When it comes to crushing debts, unsustainable entitlements and ballooning deficits, Americans and Europeans are all in the same sinking boat. Where they part ways is in their response to the looming crisis.
Faced with out-of-control government spending and the prospect of a bleak economic future, Americans from across the country have rallied under the banner of the Tea Party and sent a clear message to Washington: Enough! In a vigorous manifestation of that greatest of all checks on government—the “vigilant and manly spirit which actuates the people of America”—citizens began a grassroots wave of orderly protests that have since only grown in number and promise to keep the pressure on Washington to pull its financial act together.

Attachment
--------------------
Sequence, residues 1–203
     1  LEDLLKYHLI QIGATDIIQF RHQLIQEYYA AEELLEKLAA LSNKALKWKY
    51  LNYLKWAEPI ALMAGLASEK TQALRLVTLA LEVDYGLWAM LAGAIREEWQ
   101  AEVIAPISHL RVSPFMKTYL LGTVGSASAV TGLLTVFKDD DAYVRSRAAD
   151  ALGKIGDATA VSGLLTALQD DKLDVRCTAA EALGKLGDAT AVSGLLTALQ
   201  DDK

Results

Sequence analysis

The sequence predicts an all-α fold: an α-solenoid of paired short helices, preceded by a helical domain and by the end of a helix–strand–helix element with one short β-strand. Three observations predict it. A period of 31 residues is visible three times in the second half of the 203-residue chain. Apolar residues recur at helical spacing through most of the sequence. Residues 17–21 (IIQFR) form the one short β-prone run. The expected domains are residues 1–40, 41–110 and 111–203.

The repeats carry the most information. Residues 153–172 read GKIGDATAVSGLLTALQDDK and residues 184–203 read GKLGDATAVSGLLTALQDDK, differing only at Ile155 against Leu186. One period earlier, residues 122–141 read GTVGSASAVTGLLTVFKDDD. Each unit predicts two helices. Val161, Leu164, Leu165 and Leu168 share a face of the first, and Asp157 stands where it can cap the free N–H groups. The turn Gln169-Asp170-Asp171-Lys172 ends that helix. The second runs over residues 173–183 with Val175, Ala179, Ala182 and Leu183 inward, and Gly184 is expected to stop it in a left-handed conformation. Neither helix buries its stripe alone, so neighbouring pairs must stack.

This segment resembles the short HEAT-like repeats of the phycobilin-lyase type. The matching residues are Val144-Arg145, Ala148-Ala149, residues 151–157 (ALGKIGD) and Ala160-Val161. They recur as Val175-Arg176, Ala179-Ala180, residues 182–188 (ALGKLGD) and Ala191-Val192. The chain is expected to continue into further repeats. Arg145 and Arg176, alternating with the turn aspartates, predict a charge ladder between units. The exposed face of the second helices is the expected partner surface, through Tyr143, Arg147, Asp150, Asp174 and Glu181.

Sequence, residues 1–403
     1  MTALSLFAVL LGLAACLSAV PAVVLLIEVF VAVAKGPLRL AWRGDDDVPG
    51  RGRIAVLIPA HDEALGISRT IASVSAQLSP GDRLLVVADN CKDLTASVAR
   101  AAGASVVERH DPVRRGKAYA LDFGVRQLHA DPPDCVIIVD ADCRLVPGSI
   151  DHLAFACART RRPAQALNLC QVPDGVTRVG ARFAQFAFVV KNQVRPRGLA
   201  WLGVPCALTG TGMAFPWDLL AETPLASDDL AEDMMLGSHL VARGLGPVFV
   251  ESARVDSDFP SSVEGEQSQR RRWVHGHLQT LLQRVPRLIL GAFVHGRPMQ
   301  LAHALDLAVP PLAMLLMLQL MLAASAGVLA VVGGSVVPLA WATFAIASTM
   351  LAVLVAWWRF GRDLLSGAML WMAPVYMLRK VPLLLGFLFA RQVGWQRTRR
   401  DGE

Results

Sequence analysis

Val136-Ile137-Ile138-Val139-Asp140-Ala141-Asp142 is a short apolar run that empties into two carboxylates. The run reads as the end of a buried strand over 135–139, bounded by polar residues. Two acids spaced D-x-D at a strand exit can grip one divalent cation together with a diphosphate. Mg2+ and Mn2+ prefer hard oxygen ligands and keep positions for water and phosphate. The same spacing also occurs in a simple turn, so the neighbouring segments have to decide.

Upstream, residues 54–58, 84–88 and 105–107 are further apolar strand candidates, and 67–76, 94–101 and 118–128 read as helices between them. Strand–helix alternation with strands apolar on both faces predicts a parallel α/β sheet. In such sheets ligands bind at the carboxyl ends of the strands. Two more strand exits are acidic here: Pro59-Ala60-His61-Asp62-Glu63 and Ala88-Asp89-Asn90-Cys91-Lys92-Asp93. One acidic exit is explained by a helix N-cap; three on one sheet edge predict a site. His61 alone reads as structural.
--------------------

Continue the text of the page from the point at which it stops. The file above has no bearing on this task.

Meanwhile in Greece, proposed austerity measures to avert bankruptcy have left the country paralyzed by strikes and riots. Last week in Athens, Greek police fired teargas at protesters who responded by throwing stones and yogurt. This week, the country is being hit with blackouts as the main power company goes on strike. Violent protests have sadly become the norm whenever European governments attempt to tackle their financial woes. Their citizens, coddled by the nanny-state and its promises of cradle-to-grave no-hassle living, do not take well to being told it’s time to face the music.
Cynics will say that Americans aren’t hurling stones and yogurt because the government has yet to touch their benefits, and that when it does, things will get ugly here too. Perhaps. But there are reasons to believe that Americans, who by and large still view themselves as free citizens of a republic rather than dependent wards of the welfare state, will have the fortitude to accept whatever painful cuts are necessary. And thanks to the efforts of the Tea Party, these cuts, when they do occur, will not be as drastic as they would have been had the people sat by in torpor until the crisis hit.